We’d been good mates for several days and planted ourselves for a sendoff glass to conclude our camaraderie. After a couple pints, I begged forgiveness and bid farewell. With travel bag in hand, I said my goodbyes to each and wandered the streets of Dublin in search of lodging for the night. Temple Bar has a confusing hodgepodge of meandering streets and alleys where it’s easy to circle back around. After surveying several cheap hotels and B & Bs, I found myself walking past the very pub I’d left an hour before. Cries of “Hey Yank!” were shouted and I laughingly saluted my old friends. They waved me in and no sooner seated than a pint appeared. One led to another, and soon I was thoroughly soused.
The hours rolled by as we laughed and drank into the night. They’d be catching the midnight ferry to Holyhead for the long bus ride back to Tonna. My mind was a muddle – do I leave the pub, drunk as a skunk to find lodging? Or cast my lot with this scrum and travel back to Wales? It was late Saturday night and frankly, I was in no position to walk a straight line let alone find shelter. Choosing the path of least resistance, I stumbled on the bus for a short ride to the ferry.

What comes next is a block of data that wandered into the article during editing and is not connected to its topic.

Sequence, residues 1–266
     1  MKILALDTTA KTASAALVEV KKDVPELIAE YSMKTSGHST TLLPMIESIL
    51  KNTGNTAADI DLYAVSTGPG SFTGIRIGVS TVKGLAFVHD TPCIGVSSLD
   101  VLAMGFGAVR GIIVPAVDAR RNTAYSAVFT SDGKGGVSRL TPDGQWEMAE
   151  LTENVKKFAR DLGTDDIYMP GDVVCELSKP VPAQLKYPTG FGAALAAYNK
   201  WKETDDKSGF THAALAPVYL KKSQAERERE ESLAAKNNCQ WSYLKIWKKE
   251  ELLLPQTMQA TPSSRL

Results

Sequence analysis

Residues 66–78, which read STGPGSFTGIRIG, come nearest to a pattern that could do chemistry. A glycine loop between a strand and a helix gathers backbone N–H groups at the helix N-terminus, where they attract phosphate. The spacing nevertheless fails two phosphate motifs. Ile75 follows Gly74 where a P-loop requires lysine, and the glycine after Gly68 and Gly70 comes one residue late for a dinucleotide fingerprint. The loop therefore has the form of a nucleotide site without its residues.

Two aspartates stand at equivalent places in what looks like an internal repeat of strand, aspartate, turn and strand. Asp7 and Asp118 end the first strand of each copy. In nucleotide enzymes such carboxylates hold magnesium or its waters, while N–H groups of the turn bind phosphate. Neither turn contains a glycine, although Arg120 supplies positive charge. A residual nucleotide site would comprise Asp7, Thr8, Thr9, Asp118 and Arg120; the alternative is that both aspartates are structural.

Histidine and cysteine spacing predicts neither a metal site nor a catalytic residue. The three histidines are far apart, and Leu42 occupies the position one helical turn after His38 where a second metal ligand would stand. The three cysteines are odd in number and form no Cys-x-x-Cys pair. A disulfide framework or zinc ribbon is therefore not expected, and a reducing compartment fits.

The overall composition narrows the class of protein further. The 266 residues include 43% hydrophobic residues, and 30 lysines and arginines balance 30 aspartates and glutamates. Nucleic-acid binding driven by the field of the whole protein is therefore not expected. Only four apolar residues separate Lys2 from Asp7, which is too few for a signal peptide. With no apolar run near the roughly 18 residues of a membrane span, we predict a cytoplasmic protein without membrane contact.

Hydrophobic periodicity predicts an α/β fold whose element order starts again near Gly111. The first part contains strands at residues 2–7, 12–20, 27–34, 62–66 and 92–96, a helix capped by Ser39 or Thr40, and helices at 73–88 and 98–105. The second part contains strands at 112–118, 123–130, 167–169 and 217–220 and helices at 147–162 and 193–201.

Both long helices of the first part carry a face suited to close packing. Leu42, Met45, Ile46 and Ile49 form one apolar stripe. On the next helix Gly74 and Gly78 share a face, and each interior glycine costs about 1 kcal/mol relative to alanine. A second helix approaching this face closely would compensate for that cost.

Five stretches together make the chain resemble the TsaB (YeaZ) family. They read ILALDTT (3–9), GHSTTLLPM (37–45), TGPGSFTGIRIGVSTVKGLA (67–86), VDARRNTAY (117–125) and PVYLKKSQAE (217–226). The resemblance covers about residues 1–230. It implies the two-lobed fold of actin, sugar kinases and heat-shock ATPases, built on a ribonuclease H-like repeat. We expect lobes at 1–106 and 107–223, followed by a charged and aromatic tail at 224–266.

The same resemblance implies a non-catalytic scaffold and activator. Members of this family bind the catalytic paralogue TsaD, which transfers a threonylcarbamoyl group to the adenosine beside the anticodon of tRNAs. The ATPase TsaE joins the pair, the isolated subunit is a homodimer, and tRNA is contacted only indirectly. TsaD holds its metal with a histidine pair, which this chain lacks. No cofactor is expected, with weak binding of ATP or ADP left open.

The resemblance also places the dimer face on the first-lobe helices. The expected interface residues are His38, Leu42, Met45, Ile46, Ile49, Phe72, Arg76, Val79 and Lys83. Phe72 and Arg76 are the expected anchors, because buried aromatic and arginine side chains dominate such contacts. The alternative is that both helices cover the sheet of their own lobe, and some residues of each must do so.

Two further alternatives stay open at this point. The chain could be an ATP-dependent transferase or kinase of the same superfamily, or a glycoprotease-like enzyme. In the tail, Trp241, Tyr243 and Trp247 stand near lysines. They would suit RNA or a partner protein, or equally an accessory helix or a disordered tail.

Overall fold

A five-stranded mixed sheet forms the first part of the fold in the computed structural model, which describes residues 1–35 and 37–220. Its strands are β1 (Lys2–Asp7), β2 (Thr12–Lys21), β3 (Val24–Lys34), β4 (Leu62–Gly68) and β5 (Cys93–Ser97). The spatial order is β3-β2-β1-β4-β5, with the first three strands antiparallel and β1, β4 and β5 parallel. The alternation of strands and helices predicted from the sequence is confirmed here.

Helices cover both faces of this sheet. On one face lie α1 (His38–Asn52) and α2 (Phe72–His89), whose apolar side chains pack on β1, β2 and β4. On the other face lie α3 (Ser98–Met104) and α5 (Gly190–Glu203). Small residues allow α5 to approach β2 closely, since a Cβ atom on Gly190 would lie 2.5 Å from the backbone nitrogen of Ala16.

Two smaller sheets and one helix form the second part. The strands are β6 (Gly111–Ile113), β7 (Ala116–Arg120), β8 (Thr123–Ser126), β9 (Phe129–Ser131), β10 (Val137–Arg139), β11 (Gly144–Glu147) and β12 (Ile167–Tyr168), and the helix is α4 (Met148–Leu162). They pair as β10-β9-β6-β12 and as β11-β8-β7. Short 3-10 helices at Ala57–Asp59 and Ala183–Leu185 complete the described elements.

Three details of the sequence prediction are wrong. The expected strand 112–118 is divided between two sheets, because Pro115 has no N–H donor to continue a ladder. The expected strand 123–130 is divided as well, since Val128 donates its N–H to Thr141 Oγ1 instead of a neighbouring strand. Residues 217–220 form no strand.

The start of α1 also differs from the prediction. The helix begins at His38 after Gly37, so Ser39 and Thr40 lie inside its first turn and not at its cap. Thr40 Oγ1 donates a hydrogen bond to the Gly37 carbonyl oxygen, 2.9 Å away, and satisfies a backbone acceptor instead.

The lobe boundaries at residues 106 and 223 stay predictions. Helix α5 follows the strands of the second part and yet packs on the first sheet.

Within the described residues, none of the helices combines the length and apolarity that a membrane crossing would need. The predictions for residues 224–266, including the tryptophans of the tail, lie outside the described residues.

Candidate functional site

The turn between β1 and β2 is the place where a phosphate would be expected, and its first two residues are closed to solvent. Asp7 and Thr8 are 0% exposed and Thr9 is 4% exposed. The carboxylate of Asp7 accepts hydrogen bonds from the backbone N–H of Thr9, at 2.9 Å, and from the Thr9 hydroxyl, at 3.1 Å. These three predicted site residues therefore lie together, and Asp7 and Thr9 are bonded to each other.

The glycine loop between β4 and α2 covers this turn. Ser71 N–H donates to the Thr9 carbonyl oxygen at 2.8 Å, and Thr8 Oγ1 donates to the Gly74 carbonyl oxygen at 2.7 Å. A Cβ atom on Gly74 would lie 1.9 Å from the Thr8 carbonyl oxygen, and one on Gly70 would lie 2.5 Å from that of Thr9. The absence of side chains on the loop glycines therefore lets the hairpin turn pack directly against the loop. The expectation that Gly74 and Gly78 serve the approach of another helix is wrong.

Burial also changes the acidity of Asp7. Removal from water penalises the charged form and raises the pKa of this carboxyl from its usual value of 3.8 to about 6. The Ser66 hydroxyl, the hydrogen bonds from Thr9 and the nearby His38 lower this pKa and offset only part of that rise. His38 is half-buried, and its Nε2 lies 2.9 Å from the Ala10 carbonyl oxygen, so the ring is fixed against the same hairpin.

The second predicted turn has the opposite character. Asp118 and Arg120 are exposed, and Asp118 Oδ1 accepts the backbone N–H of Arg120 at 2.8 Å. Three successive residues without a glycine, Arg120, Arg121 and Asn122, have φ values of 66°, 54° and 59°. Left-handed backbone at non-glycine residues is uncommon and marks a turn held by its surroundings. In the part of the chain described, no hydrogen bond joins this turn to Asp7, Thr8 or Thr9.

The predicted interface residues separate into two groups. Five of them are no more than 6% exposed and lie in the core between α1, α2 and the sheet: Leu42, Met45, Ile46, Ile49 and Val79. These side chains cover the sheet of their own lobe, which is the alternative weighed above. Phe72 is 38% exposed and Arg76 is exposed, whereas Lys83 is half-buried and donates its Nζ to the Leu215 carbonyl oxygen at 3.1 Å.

The Irish seas were choppy that night. The ferryboat listed in rhythmic patterns perfectly calibrated to agitate a drunk’s equilibrium. The details of my seasickness are as shabby as I felt and shan’t be detailed here. The ferry landed and we were back on the bus for the 200-mile journey south along twisting roads to Tonna. The all-night trip was gruelingly slow and sleep agonizingly fitful.
Upon arrival, Richard, one of the footballers offered a room in the row house where he lived with his folks. We hit the rack that morning and slept until 2 pm. I awoke that afternoon with a monstrous hangover. I drank plenty of water trying to salve my aching brain. Richard’s mum was a sweet lady who fixed us tea and biscuits. It was the finest cup of tea I’ve ever tasted. Oh, that lovely cup of tea, how it soothed my throbbing skull.
In small Welsh towns, locals gravitate to their clubs for the evening’s entertainment. Richard, his dad, and I wandered along to the Tonna RFC clubhouse. It’s somewhat akin to an Eagles lodge in the U.S. The largest room was filled with trophies in display cases surrounding tables where young and old rugby players socialized. Not just the boys I’d traveled with, but their fathers, uncles, and townsfolk who played the sport a generation before. Another pint of ale was probably the last thing I needed, but being a polite young man I good-naturedly accepted and thus began another evening of drinking. Being Sunday night we left at a reasonable hour. Early the next morning I bid adieu to Richard who was off to work. I then enjoyed a pleasant cup of tea with his mum before heading to the town’s station.
My week with this Welsh rugby team thankfully came to an end. It was time for me to dry out and find my bearings. I caught a bus to Haverfordwest and made the one-mile walk to Middle Mille for several more days with Scott before his planned departure and mine. My next stop was London town.
Postscript: Seven years later, I realized alcohol was not my friend. The story of May 26, 1985, the day I quit drinking is still being lived. It was the second-best decision I ever made.